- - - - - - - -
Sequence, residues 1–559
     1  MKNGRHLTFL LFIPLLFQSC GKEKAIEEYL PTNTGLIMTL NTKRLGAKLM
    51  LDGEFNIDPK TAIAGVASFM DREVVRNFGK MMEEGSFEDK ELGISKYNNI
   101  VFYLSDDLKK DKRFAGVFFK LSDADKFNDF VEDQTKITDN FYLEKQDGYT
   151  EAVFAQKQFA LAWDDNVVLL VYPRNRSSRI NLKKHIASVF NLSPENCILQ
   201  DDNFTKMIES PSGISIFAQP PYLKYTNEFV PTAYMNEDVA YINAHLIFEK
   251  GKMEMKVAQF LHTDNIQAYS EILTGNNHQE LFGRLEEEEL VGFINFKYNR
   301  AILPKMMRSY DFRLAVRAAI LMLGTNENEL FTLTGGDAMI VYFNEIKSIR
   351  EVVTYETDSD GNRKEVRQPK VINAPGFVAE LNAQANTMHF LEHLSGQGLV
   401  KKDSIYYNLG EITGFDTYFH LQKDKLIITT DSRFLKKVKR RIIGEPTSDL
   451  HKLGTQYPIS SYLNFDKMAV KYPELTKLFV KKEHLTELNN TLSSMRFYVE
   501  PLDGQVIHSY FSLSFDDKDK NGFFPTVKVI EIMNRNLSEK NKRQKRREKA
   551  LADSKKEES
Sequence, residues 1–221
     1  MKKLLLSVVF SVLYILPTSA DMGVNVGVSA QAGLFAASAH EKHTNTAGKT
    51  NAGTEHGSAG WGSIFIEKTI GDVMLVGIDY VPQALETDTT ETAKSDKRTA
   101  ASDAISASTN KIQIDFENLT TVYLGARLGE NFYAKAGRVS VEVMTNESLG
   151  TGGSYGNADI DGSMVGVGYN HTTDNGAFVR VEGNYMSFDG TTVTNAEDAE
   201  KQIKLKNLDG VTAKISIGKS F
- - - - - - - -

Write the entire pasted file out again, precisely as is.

Sequence, residues 1–559
     1  MKNGRHLTFL LFIPLLFQSC GKEKAIEEYL PTNTGLIMTL NTKRLGAKLM
    51  LDGEFNIDPK TAIAGVASFM DREVVRNFGK MMEEGSFEDK ELGISKYNNI
   101  VFYLSDDLKK DKRFAGVFFK LSDADKFNDF VEDQTKITDN FYLEKQDGYT
   151  EAVFAQKQFA LAWDDNVVLL VYPRNRSSRI NLKKHIASVF NLSPENCILQ
   201  DDNFTKMIES PSGISIFAQP PYLKYTNEFV PTAYMNEDVA YINAHLIFEK
   251  GKMEMKVAQF LHTDNIQAYS EILTGNNHQE LFGRLEEEEL VGFINFKYNR
   301  AILPKMMRSY DFRLAVRAAI LMLGTNENEL FTLTGGDAMI VYFNEIKSIR
   351  EVVTYETDSD GNRKEVRQPK VINAPGFVAE LNAQANTMHF LEHLSGQGLV
   401  KKDSIYYNLG EITGFDTYFH LQKDKLIITT DSRFLKKVKR RIIGEPTSDL
   451  HKLGTQYPIS SYLNFDKMAV KYPELTKLFV KKEHLTELNN TLSSMRFYVE
   501  PLDGQVIHSY FSLSFDDKDK NGFFPTVKVI EIMNRNLSEK NKRQKRREKA
   551  LADSKKEES
Sequence, residues 1–221
     1  MKKLLLSVVF SVLYILPTSA DMGVNVGVSA QAGLFAASAH EKHTNTAGKT
    51  NAGTEHGSAG WGSIFIEKTI GDVMLVGIDY VPQALETDTT ETAKSDKRTA
   101  ASDAISASTN KIQIDFENLT TVYLGARLGE NFYAKAGRVS VEVMTNESLG
   151  TGGSYGNADI DGSMVGVGYN HTTDNGAFVR VEGNYMSFDG TTVTNAEDAE
   201  KQIKLKNLDG VTAKISIGKS F